04 Jun, 2023 - 00:06 0 Views

The Sunday Mail

Prince Mushawevato

FOR Kim Mhere (name changed), what started off as a routine shopping experience at one of the new malls in Harare ended in a medical facility, as she nearly broke her leg.

“I am still traumatised by what happened. I walked into a popular shopping mall (name withheld) hoping to buy one or two items. As I was moving around one of the shops, checking out their products, I heard a loud noise and then I was in serious pain,” she recounted.

“One of my legs had been swallowed by the suspended wooden floor that gave in. I suffered some serious bruises and a minor fracture. It is now over three weeks after the nasty incident.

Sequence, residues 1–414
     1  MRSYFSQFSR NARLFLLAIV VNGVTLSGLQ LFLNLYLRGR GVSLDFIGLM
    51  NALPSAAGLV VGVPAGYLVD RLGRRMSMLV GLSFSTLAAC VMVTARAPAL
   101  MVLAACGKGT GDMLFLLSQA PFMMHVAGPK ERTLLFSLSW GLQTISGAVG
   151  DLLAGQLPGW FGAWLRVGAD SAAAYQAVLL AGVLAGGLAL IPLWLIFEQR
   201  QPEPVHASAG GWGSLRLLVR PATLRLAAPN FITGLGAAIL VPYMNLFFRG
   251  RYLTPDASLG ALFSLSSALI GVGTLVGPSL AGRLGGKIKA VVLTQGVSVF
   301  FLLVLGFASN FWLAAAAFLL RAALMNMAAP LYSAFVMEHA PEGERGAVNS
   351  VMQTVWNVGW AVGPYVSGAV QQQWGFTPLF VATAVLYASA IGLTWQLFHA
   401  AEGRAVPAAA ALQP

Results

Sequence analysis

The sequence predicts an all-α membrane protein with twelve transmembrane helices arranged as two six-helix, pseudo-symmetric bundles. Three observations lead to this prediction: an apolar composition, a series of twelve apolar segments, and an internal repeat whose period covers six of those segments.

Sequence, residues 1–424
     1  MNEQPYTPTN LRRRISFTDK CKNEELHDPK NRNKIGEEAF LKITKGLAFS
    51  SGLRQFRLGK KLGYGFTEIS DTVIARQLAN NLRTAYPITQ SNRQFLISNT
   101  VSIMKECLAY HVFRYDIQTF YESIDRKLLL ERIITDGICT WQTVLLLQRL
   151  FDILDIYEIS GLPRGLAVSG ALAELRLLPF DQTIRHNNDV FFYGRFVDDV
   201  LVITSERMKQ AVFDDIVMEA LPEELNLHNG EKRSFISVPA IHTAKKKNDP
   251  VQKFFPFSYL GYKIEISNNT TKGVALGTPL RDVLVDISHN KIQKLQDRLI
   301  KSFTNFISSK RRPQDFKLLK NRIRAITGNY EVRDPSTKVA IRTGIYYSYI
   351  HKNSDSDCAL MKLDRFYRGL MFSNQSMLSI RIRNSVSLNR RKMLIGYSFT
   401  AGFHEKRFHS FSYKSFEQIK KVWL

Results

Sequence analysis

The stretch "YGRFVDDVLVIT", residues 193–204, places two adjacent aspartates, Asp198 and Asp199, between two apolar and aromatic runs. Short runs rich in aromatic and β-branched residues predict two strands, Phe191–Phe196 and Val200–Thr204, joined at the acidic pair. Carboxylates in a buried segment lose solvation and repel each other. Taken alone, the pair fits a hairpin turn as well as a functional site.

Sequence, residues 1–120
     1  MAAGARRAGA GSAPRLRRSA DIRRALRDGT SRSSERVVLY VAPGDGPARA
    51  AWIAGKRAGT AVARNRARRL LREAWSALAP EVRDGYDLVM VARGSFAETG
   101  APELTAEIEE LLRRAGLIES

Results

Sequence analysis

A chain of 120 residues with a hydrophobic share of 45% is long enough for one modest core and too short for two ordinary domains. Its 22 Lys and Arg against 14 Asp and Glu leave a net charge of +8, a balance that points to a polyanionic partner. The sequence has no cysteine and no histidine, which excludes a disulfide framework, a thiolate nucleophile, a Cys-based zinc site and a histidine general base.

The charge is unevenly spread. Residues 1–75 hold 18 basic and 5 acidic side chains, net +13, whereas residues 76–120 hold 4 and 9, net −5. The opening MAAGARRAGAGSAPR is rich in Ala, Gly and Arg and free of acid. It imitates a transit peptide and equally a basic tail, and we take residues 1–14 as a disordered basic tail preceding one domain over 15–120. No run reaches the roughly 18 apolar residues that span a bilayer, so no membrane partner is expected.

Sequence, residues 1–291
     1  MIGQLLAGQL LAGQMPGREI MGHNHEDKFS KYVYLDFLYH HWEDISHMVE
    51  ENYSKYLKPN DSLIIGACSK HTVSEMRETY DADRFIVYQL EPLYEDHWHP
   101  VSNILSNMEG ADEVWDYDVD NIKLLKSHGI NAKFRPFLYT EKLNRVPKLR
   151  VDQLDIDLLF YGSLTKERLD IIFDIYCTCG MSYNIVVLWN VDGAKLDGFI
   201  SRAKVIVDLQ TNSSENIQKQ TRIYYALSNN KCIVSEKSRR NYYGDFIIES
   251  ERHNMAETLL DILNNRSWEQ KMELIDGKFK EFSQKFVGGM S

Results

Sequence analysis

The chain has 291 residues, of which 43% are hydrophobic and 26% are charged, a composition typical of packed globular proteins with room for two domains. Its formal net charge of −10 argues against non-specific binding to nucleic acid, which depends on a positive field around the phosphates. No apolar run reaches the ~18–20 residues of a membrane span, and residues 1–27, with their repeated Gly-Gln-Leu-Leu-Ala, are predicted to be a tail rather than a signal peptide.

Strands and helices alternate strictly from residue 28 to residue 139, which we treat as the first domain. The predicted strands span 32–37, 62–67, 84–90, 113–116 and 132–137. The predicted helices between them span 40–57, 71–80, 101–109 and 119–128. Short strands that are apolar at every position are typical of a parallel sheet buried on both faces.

“The shop owners apologised and met my medical bills. I still experience some pain at times and I am struggling to get rid of the scars that I sustained.”

This is not an isolated case.

Several shoppers have had similar experiences – or worse – in mushrooming shopping malls that are no longer interested in aesthetics or safety.

It seems setting up as many stalls as possible in the malls has become the top priority.

Most of the “new” spaces have been set up and brought into operation without being inspected or approved, with some of them being storey structures created by mere “carpenters” who are oblivious of key tenets of structural engineering.

It is believed that many of these structures, which are more like flea markets, do not meet basic requirements to operate as shopping malls.